A List Apart is considered by many front-end developers to be the holy grail of websites. Along with Smashing Magazine and a few other sites, ALA not only sets trends but helps to define them and provide tutorials for users.
In 2010, Ethan Marcotte wrote this in article for A List Apart:
“This is our way forward. Rather than tailoring disconnected designs to each of an ever-increasing number of web devices, we can treat them as facets of the same experience. We can design for an optimal viewing experience, but embed standards-based technologies into our designs to make them not only more flexible, but more adaptive to the media that renders them. In short, we need to practice responsive web design.”
With that, a term and a trend were born.
Over the next few years, web designers and front-end developers began using responsive design or adaptive design as their standards. In 2013, it was arguably the most important skill to have and was listed as a requirement in nearly ever web related job description.
But is responsive design the wave of the future or just a passing fad?
As a web developer, I have seen innumerable designers pitch responsive design ideas to clients only to have that be the first line item crossed out for budgetary reasons.
“We will make that a phase two item,” clients might say.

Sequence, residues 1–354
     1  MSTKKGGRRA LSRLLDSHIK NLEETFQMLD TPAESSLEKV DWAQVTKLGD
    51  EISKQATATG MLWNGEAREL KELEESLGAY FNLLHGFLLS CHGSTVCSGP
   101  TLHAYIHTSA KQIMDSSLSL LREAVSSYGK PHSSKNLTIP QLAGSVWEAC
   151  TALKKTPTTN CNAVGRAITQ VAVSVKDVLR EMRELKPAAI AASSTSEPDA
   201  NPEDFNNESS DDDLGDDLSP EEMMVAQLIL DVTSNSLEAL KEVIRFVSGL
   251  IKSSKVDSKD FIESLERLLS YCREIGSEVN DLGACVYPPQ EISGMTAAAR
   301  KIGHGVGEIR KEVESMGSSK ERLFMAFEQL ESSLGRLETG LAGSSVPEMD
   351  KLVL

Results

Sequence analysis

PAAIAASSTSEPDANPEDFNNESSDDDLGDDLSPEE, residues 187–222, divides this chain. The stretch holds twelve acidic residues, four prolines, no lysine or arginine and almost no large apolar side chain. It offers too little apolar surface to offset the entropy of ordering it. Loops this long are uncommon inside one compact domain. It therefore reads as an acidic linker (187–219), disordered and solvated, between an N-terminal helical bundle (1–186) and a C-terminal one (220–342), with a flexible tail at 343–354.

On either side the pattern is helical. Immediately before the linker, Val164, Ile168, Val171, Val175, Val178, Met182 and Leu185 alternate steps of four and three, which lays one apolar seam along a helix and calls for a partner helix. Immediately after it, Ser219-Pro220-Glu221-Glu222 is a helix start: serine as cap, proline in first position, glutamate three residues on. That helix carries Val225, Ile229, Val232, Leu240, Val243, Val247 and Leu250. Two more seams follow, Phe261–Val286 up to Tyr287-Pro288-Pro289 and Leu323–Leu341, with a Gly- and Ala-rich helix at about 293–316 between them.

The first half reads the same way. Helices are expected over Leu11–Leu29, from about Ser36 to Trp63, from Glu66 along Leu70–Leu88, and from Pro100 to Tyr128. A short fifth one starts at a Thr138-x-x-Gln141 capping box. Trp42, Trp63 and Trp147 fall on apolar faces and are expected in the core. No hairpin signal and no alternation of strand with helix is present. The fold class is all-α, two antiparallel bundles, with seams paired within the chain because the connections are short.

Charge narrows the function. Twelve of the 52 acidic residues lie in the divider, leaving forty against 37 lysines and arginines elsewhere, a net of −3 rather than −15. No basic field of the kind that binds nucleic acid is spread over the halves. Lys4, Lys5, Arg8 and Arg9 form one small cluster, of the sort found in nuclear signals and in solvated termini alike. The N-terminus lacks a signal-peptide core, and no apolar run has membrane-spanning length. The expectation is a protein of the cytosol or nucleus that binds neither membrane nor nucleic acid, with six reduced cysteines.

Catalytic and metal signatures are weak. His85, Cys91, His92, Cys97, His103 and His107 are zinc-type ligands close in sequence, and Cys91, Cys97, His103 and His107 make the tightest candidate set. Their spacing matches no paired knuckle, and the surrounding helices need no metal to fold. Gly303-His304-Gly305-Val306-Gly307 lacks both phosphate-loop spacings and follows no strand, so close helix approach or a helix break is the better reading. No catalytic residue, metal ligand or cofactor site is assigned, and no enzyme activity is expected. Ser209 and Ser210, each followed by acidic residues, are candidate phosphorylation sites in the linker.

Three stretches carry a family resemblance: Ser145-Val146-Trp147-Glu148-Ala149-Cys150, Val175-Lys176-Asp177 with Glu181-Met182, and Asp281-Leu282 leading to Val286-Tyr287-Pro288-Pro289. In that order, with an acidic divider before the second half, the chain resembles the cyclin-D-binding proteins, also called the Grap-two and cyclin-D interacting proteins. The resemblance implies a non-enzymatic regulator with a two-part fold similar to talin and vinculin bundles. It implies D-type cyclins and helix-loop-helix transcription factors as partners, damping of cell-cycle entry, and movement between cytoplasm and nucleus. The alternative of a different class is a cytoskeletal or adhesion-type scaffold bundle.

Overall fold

Or they might respond, “We just do not have the budget for that right now. Maybe in the future we will do an iPhone app.”
OK, fair enough.
Surely, though, the biggest sites around must be responsive if this is a cost effective and important measure.
Of the sites Alexa lists as the most popular in the United States, only YouTube is even somewhat responsive. Wikipedia attempts to be responsive but, as this corresponding screenshot shows, it is not without flaw.
Once a user searches Wikipedia on a mobile device, it switches to their mobile site.
Even Google, the company owns YouTube, is not responsive — and its homepage consists of little more than an input field and a logo.
Some of the top 10 sites that are listed, such as Facebook and Amazon, include some responsive features but they are minimal at best.
Perhaps the plans for these big companies is to roll these features out incrementally over a longer period of time but, on the whole, it seems like these companies have already invested in mobile apps and have no real reason to switch away from them.
Mobile apps provide a lot more firepower for these popular sites and it is likely that they will stay the course in their own little (or gigantic, in these cases) ecosystems moving forward.
Examples like these raise questions: Is responsive design a pitcher’s pitch or a songwriter’s song? Is it something that other developers and designers alike admire and use mainly to one up each other on their portfolios?